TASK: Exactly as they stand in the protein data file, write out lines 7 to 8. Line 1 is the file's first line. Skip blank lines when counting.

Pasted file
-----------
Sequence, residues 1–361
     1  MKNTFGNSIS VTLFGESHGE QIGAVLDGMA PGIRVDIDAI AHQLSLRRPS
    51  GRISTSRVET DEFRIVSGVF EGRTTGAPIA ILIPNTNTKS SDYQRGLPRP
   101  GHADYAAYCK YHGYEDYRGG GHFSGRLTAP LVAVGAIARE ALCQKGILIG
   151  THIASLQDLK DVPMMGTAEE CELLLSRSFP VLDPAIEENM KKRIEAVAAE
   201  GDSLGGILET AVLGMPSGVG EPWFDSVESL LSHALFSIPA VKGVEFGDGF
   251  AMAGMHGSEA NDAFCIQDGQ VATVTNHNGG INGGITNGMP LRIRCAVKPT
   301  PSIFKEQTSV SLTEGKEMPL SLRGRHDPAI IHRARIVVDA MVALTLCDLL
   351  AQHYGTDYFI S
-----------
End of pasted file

   251  AMAGMHGSEA NDAFCIQDGQ VATVTNHNGG INGGITNGMP LRIRCAVKPT
   301  PSIFKEQTSV SLTEGKEMPL SLRGRHDPAI IHRARIVVDA MVALTLCDLL